Javierantonio González, a native of Puerto Rico, is the artistic director of Caborca Theatre and the author of 11 plays and adaptations in both English and Spanish. Two have been published by New York Theatre Experience. He has been a member of the Public Theater’s Emerging Writer’s Group in 2010-11, Van Lier Directing fellow, and was a NYTheatre.com "Person of the Year" in 2010.
Now Javierantonio's lastest play "Open Up, Hadrian" decends on NY from September 13-29. In the years between the fall of the gods and the rise of Jesus, a young man named Hadrian emerged as Rome’s most philosophical emperor, caught in the midst of two bloody wars of expansion. He loved poetry, theatre, and all things Greek. He was also gay. "Open up, Hadrian" imagines the life of this highly successful but deeply frustrated man with elements of Greek drama and dark comedy—his anguished love, lofty ideals, and his big, famous wall.
1. Who or what inspired you to become a playwright/director? Nothing and no one in particular. I started making theatre when I was fifteen, and I knew pretty quickly that I wanted to write and direct plays.
2. Who haven't you worked with that you would like to? Nicole Kidman.
3. What made you want to write "Open Up, Hadrian"? A couple of years ago I bumped into a statue of Antinous as Osiris at the entrance to the British Museum. It was part of an exhibit titled: Hadrian, Empire and Conflict. I didn’t have to go through all of it before knowing that there was a play there, a play I wanted to write before anyone else did. I scribbled ideas as I walked through the rest of the exhibit, which was full of inconsistencies regarding Hadrian’s character, his marriage, his artfulness and his peace-making. Wherever there are inconsistencies, there is a play. That night I wrote the first draft of acts one and two.
4. What is about this specific period of time that interests you so much? Hadrian loved all things Greek. He was the first Roman emperor who actively attempted to Hellenize Rome. I have always had an affinity, to put it mildly, with the Greeks, much more so than with the Romans. This tension of me looking back to talk about contemporary issues fit nicely with Hadrian’s desire to look back to move forward. In a way, the time of the play exists in the tension between today, Ancient Rome and Ancient Greece. A tension that translates into the dialogue of the play.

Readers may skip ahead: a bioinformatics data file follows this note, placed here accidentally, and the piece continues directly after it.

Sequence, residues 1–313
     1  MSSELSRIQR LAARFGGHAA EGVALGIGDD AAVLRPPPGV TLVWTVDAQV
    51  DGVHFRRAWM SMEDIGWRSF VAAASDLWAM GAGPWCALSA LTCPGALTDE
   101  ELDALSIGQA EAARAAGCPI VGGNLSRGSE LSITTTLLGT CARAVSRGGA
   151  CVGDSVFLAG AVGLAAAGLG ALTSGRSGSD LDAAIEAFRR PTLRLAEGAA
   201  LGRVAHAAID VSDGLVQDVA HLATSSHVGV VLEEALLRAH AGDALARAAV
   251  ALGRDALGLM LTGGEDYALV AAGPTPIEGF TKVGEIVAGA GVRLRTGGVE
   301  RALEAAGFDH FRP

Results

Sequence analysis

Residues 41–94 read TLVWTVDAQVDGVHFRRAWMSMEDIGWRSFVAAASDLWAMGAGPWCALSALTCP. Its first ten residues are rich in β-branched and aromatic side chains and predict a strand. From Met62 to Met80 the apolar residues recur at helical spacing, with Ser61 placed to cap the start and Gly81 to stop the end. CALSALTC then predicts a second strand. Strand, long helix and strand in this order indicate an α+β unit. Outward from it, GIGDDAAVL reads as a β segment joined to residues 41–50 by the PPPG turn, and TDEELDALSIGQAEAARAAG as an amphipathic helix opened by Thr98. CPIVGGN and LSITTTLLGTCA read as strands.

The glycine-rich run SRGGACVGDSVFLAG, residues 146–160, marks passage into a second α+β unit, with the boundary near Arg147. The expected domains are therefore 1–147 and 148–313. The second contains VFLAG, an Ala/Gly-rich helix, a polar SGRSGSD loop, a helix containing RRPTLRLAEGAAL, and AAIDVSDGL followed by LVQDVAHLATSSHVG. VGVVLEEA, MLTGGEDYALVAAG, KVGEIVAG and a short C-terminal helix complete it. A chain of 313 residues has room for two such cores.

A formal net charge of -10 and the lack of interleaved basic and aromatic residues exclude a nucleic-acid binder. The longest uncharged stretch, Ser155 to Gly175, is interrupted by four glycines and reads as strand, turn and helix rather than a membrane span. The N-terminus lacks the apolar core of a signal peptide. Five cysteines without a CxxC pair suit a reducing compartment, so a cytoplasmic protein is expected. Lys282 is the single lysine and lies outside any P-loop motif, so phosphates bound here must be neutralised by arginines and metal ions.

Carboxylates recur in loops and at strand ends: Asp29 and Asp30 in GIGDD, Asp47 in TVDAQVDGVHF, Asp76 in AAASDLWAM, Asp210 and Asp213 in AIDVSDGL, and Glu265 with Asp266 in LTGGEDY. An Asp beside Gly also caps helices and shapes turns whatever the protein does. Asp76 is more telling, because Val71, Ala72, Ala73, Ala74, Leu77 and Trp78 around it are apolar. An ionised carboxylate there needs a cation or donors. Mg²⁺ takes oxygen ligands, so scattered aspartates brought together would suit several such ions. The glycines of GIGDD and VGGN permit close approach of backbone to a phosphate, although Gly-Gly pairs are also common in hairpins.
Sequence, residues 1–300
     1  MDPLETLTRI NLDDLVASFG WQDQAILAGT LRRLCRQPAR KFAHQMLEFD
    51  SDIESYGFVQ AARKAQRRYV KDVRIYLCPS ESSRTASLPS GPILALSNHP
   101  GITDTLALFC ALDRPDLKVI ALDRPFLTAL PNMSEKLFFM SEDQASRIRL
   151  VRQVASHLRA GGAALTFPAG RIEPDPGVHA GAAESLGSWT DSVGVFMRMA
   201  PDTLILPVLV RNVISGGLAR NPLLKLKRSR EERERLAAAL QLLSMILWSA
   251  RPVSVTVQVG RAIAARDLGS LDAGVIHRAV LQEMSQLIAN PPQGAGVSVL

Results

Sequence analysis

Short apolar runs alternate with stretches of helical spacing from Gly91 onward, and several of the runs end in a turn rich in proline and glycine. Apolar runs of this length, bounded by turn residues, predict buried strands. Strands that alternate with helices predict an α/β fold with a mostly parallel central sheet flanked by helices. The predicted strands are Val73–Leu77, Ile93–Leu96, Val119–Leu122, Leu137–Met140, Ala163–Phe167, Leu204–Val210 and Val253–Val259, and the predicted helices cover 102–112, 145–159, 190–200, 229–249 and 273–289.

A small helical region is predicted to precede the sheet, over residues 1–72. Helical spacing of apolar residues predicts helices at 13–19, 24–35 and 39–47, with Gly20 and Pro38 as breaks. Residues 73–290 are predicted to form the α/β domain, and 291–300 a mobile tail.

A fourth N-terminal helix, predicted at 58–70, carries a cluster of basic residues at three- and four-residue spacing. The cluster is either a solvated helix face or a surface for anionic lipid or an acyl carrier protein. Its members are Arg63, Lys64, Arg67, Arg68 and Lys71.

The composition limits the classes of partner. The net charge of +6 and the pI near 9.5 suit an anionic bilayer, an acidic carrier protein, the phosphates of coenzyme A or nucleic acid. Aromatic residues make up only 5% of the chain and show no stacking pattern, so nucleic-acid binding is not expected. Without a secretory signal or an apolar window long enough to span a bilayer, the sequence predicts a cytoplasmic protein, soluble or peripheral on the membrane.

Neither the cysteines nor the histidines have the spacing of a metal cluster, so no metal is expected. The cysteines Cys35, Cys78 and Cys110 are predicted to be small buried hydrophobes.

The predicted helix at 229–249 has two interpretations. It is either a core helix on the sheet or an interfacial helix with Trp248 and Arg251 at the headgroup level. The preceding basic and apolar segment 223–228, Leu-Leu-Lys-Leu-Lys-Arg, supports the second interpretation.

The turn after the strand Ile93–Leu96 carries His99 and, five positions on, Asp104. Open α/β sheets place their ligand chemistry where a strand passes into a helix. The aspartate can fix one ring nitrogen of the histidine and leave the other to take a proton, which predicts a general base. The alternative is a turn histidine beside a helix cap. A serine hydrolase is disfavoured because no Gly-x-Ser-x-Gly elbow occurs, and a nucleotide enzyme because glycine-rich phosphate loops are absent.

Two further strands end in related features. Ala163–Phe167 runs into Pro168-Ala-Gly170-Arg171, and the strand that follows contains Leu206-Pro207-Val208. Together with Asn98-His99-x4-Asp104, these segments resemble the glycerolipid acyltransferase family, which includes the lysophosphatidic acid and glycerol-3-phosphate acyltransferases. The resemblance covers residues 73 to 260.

5. What do you hope audiences come away with after seeing the show? The desire to talk about it.
6. What excites you about having "Open Up, Hadrian" play in NY? That I live here and can come see it every night if I want to.
7. What made you want to head up Caborca Theatre? What freedom does having your own theatre company give you that you might not otherwise have? Your second question answers the first. A theatre company, though at times it feels like a ridiculous endeavor, provides a kind of raw, artistic freedom that institutions often fail to. It also provides immediacy, since it’s easy to bring everyone (or almost everyone) into the same room to discuss every aspect of a production – from the text, to the process, marketing, logo, fundraising, etc. It seems maddening just to type it. On the other hand, I can’t think of any theatre in this country that would want to produce a play like Open up, Hadrian – a play with 9 actors in 4 acts about ancient Romans talking about ancient Greeks – but we do. Because a company is also a highly adventurous endeavor.
8. What have you learned about yourself from being a playwright/director? A lot, since both deal with the scrutiny of one's self and others.
9. What's the best advice you've ever received? Move to NY.
10. If you could dream about anyone while you sleep, who would it be? What I like about dreams is precisely that they are uncontrollable and random. If I could decide who I dream about, then what would be the point? I already get to decide who I dream about in my waking life.
11. Favorite way to spend your day off? Rearranging my room.
12. Favorite way to stay in shape? Coffee for breakfast.
13. Boxers or Briefs? People are still asking that.
14. If you could have any super power, which one would you choose? The ability to undo the past.